Ravensburger Dwarfs on the shelf
The right image and a handful of tricks make doing puzzles is even more fun. Here are my tips and recommendations for puzzle newbies looking to take on a low-adrenaline challenge.
For starters, 1,000 to 1,500 puzzle pieces are ideal. Working as a team of two, you can finish a puzzle of this size within an evening – perfect for a rainy day. Make sure you give yourself enough time and choose a «friendly» picture. What I mean by that is go for an image with clear contours and several small, differently coloured areas. One good option is Ravensburger’s Gnome Grown puzzle. Avoid puzzles with vague colour transitions and large monochrome areas when starting out.
My absolute favourite is Poisons and Potions. I tackled the 2,000-piece puzzle after completing the aforementioned gnome one. I know, I know; it looks quite evenly blue-green. But each shelf compartment here is, in fact, a different shade, making the puzzle a challenge, but not excessively so.
Wizard Merlin, on the other hand, is trickier. The many books and similar shades of blue throughout the entire image really kick the difficulty up a notch.
As a Disney fan, it’s no surprise that the beautiful puzzles by Schmidt and artist Thomas Kinkade found their way into my shopping cart. Mind you, the soft brushwork in his artwork initially had me frustrated in no time. That’s why I’d recommend them for more experienced puzzlers.
Alongside the puzzle pieces, the annoying dust from the cutting process will land on your table. For a long time, I attempted to obliterate the blueish evil using a handheld vacuum cleaner, with limited success. Then, in a moment of ingenuity, I swapped it in for a dry Swiffer cloth. It really pulls in the blueish powder and keeps it trapped. I always keep my cloth handy and occasionally wipe down the table in between the pieces.
Mobile puzzle tables and boards with their pull-out compartments are undoubtedly practical, but also an investment. If you’re only just discovering the joys of puzzles and aren’t quite sure if your new hobby will last in the long run, a large piece of cardboard will also do. I cut large shipping boxes to shape, which I use when I want to focus on a specific portion of the puzzle. I gather the relevant pieces, put them on the cardboard and try to piece them together there.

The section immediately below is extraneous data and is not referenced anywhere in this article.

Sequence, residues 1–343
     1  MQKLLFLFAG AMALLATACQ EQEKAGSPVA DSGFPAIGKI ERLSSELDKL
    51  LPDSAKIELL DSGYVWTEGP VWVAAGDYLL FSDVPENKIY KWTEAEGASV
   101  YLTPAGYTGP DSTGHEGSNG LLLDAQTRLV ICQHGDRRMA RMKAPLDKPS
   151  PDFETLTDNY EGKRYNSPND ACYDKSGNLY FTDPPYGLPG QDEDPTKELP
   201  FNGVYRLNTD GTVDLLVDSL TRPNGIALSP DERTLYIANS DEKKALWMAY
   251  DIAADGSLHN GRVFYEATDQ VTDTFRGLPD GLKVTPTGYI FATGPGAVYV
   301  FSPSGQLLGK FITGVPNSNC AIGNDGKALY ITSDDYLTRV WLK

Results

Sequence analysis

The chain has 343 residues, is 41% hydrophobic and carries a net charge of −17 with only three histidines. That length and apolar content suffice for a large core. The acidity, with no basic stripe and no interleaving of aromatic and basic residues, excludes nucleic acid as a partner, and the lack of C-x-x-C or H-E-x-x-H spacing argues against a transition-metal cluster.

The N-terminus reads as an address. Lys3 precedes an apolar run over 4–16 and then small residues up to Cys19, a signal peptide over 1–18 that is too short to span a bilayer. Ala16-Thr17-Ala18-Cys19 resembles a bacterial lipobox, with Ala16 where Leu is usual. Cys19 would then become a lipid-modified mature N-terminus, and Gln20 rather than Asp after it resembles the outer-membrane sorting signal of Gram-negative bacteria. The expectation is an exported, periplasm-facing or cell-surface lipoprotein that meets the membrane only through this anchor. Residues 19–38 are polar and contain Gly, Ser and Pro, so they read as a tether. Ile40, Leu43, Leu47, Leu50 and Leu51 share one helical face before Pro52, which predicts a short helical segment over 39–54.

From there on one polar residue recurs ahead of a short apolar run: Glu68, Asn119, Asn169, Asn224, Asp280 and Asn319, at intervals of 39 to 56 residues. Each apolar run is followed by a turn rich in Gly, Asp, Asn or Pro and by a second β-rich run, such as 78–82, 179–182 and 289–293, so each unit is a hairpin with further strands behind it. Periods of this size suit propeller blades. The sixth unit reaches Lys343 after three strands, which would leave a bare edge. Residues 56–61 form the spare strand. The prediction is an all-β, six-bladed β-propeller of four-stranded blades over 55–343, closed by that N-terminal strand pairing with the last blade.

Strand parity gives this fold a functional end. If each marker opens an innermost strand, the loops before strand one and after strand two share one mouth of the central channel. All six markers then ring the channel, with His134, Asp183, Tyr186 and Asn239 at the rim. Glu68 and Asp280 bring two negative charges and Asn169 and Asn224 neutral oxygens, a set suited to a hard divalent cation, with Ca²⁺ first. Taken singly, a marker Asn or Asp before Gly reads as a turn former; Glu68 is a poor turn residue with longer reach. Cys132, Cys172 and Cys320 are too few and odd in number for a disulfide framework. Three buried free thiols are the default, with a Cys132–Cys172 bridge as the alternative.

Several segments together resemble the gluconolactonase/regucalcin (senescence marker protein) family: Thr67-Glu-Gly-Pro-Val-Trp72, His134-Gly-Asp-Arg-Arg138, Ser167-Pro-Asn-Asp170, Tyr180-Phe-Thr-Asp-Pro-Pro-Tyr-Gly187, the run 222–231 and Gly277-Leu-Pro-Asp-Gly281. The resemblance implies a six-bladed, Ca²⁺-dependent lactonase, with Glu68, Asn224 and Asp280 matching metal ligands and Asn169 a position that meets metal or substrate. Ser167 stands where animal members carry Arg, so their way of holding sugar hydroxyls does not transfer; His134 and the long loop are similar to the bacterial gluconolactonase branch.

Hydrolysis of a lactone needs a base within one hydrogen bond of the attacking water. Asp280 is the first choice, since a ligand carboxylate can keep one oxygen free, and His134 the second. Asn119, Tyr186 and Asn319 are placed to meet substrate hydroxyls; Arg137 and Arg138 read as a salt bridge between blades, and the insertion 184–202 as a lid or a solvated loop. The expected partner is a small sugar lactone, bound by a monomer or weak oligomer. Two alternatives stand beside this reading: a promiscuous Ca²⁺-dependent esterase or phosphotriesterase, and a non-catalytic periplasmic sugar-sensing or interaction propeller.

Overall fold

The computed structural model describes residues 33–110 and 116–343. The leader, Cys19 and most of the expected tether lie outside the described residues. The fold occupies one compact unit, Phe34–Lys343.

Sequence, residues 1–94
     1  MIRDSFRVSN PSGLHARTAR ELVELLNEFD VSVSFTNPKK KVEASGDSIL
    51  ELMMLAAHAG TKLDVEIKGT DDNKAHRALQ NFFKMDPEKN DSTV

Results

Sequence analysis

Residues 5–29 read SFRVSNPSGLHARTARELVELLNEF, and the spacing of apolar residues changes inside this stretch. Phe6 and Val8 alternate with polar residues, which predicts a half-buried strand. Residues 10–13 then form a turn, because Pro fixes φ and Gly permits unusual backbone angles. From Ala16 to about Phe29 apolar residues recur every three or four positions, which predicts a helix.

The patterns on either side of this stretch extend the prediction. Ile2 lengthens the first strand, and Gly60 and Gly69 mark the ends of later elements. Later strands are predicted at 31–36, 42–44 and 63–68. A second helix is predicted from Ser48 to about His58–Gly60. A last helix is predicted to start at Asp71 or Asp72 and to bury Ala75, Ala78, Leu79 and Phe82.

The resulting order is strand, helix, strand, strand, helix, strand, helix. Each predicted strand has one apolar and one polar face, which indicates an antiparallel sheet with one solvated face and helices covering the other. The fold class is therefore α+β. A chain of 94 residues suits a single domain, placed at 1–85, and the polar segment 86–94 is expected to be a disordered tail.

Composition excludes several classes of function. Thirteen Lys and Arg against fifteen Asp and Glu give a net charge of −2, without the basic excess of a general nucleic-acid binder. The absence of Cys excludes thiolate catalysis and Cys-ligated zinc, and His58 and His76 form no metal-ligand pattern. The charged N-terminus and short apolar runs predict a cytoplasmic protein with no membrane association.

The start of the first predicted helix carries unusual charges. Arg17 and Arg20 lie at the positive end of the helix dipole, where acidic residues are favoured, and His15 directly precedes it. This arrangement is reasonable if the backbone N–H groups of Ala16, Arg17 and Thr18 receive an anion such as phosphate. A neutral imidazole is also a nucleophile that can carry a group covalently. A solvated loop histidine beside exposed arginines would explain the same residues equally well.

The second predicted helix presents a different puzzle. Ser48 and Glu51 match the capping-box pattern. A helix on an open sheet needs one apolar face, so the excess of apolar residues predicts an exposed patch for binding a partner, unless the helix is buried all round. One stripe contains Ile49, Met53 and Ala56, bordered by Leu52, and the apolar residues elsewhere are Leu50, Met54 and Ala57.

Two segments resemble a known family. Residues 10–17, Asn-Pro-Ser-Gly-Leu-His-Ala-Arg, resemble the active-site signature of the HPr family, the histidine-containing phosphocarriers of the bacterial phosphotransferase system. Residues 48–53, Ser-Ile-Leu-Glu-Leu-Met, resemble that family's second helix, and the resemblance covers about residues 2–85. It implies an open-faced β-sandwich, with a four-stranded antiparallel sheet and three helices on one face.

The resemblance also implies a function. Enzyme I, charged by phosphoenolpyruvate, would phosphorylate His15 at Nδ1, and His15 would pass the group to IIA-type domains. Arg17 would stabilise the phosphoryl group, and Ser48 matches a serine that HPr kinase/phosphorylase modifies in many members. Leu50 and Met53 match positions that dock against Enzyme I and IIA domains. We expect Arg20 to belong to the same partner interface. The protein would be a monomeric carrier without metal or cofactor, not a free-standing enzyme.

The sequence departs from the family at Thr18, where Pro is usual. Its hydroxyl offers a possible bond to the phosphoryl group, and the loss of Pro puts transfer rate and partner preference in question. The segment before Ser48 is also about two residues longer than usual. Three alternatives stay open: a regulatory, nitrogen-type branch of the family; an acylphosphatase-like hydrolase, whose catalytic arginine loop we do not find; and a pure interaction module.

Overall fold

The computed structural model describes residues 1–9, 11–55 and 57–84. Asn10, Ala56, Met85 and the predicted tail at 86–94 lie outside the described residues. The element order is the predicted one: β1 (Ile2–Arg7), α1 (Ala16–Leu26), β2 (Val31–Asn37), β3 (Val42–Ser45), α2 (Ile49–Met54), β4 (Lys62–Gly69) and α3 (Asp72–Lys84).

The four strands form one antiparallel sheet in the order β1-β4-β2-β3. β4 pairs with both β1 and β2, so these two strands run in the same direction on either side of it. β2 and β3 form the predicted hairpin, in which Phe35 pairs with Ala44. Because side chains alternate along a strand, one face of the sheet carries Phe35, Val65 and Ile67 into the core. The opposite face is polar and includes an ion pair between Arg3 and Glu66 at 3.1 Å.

The cardboard works like a serving tray: I can circle the table, looking for further pieces and can transport assembled sections to the correct location within the whole puzzle. An added bonus: you can stack the cardboard trays, saving you table space and allowing you to stay organised.
In my excitement to get puzzling, I ruthlessly tear open the sealed plastic bags that contain the puzzle pieces. Given my crude opening methods, the bags can’t really be used to store the pieces again. Because I can’t bring myself to throw them directly in the box, I turn to ziplock bags. The 3-litre size offers a practical solution that’s easy to close. For 1,000 puzzle pieces, one bag is usually enough; starting at 1,500, you’ll need two. Bagging the pieces ensures none of them get lost.
Toppits Double closure freezer bag
Toppits Double closure freezer bag
Got more tips? Drop them in the comments!Header image: Natalie Hemengül
As a massive Disney fan, I see the world through rose-tinted glasses. I worship series from the 90s and consider mermaids a religion. When I’m not dancing in glitter rain, I’m either hanging out at pyjama parties or sitting at my make-up table. P.S. I love you, bacon, garlic and onions.